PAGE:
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Our Identity

D.K. Jang, Sa Bom Nim


Those of us who have Soo Bahk Do studios often refer to our studio members as students and assume that everyone means the same thing when they say that. In this article I would like to share ideas about three different kinds of membership. My three basic types are the “client,” the “student,” and the Jeh Ja-a Korean term that means something like “disciple” in the sense of total dedication (and not as a religious follower). These three types have helped me to think about different training relationships and the ways that we spread Soo Bahk Do Moo Duk Kwan.

For me, the relationship between Sa Bom and Jeh Ja is the best model, but it is easier to understand this relationship by comparing it to other possibilities. Take clients, for example. The clients or customers come to the Do Jang with the intention of buying a product and may expect gratitude from the business owner. This economic relationship gives the customer a certain control because it is their demands that must be met in order to keep them training. The Sa Bom, or seller, has less control. He or she must offer a program or personality that meets client demand, or the clients leave. The limits on the potential for human relations are pretty obvious.

We use the words “instructor” and “student” all the time and take their meaning for granted. The kind of student type I am referring to here comes to the Do Jang to achieve a goal but also comes with conditions. He or she is anxious to learn new techniques, attain higher rank, and often trains very hard. Yet many students separate their Soo Bahk Do practice from any moral values. They tend to leave when they have finished the program (passed their dan test), and carry with them no value beyond the techniques themselves.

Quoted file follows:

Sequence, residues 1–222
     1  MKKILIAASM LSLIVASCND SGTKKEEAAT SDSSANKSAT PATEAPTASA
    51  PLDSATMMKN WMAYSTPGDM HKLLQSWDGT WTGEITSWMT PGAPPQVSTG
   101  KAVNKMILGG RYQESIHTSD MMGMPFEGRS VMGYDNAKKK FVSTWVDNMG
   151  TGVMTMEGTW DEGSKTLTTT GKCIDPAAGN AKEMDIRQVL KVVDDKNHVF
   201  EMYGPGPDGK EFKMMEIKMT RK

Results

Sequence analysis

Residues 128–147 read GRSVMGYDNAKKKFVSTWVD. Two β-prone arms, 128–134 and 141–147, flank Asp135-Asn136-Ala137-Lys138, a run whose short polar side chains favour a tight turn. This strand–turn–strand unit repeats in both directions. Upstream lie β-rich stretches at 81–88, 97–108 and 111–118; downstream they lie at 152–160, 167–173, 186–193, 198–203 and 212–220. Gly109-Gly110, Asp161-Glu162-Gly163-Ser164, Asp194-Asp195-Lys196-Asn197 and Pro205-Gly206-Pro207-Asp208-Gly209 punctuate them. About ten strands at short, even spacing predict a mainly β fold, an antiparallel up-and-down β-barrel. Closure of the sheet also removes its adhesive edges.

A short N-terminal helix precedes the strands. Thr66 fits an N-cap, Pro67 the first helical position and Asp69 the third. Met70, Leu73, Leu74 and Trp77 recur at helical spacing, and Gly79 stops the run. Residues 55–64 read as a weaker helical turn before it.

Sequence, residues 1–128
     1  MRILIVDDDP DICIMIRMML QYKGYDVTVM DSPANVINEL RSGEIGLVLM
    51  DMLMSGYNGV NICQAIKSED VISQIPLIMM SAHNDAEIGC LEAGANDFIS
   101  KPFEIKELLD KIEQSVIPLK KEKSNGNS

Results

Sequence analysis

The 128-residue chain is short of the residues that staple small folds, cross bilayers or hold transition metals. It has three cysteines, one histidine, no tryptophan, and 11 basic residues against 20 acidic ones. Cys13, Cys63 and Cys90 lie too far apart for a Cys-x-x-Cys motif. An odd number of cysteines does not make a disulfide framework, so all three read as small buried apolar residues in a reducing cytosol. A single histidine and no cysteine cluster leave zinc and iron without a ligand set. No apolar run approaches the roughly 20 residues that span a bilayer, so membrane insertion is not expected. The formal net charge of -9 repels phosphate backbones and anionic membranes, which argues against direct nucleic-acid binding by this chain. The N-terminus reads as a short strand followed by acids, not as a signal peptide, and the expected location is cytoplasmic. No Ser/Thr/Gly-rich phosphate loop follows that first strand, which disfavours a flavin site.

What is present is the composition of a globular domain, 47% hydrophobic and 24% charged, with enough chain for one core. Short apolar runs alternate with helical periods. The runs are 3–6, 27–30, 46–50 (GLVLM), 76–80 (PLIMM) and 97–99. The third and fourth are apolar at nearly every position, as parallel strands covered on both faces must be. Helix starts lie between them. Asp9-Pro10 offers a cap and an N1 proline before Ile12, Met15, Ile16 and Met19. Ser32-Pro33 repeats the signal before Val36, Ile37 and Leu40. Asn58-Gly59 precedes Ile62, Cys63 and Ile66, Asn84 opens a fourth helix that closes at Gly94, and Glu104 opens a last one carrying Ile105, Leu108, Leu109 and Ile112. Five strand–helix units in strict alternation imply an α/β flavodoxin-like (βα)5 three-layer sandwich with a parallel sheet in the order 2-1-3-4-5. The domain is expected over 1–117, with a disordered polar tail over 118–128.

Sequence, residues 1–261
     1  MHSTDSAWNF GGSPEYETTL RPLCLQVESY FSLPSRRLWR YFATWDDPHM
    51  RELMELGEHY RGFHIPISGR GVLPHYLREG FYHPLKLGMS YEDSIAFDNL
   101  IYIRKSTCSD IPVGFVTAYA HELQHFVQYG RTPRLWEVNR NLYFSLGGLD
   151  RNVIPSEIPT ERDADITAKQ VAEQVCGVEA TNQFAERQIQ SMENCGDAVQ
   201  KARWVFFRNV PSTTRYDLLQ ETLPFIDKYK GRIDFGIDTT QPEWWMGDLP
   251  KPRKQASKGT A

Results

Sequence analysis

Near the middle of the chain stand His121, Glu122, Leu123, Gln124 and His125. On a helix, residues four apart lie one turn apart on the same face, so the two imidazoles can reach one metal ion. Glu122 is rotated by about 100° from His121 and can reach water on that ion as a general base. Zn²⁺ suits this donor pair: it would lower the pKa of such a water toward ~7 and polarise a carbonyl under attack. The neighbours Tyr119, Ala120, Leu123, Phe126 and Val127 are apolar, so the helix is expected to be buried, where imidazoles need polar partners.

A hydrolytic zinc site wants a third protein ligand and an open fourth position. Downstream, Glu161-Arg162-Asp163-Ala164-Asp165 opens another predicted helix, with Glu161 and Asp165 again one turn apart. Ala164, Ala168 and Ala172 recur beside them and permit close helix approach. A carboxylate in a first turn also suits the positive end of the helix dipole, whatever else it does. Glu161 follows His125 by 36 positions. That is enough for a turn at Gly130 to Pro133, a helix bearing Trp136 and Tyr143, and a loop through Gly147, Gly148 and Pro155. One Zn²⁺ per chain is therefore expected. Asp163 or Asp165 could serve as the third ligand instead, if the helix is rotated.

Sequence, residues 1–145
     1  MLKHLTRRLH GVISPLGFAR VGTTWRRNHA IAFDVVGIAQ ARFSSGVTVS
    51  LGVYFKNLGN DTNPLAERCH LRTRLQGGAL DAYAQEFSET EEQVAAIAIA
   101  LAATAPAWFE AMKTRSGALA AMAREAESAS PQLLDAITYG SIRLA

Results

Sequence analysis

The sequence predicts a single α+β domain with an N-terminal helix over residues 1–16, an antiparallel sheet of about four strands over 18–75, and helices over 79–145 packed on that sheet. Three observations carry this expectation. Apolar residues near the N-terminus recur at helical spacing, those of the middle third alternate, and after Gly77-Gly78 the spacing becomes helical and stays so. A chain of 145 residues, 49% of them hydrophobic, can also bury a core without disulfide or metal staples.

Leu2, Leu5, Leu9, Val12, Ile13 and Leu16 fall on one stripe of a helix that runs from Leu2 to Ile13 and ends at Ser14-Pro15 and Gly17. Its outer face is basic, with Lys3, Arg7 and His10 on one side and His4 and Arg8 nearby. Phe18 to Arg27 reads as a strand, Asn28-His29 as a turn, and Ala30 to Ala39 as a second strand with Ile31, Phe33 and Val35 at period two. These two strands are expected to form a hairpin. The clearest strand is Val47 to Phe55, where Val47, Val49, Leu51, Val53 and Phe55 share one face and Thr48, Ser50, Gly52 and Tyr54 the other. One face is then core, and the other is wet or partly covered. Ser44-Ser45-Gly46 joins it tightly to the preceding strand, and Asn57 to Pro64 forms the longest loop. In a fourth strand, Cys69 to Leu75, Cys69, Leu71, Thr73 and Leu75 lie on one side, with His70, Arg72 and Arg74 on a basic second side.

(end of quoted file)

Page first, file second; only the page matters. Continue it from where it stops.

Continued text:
When an instructor treats a participant as a student, he or she concentrates mostly on techniques and the information that is required to pass tests. The instructor may grade the students in the sense of labeling who is “good” or “great” or “not that good,” based on their technique. There is distance in the human relations and no passion or moral value in the practice. The instructor may encourage selfishness and competitiveness as the student is taught to measure him or herself against others and to always try to top them. The instructor is self-centered, taking credit not only for “my student” but also for the accomplishments of the student as “my information” or “my techniques.”

The Jeh Ja is very different from both the client and the student. In Korean, Jeh means brother or sister, and Ja means child. The term Jeh Ja suggests that the junior is part of the family, the Moo Do family, with a Sa Bom who acts as a parent/brother. To the extent that the Jeh Ja is a disciple, he or she is a disciple of Soo Bahk Do-just as the Sa Bom is a disciple of Soo Bahk Do. The responsibility of the Sa Bom is to provide the connection to the Art and to always work to deepen that connection.


Any martial arts school can have client/owner or student/instructor relations. The Sa Jeh relationship (Sa from Sa Bom, Jeh from Jeh Ja) only happens in the Moo Do world, within the Moo Do philosophy; it is an unconditional relationship between two Moo Do In (Moo Do practitioners) and it is at the heart of our art.


Again, contrast can help me to explain my thoughts. The client and the studio owner do business with the techniques and the philosophy. Though the senior may provide informational materials, neither client nor owner really practice the philosophy; the owner wants the client to buy it. With the student and the instructor, the relationship is based in the authority of the instructor and the instructor's power to label one student as better than another or to neglect or even dismiss a student for not meeting the instructor's demands.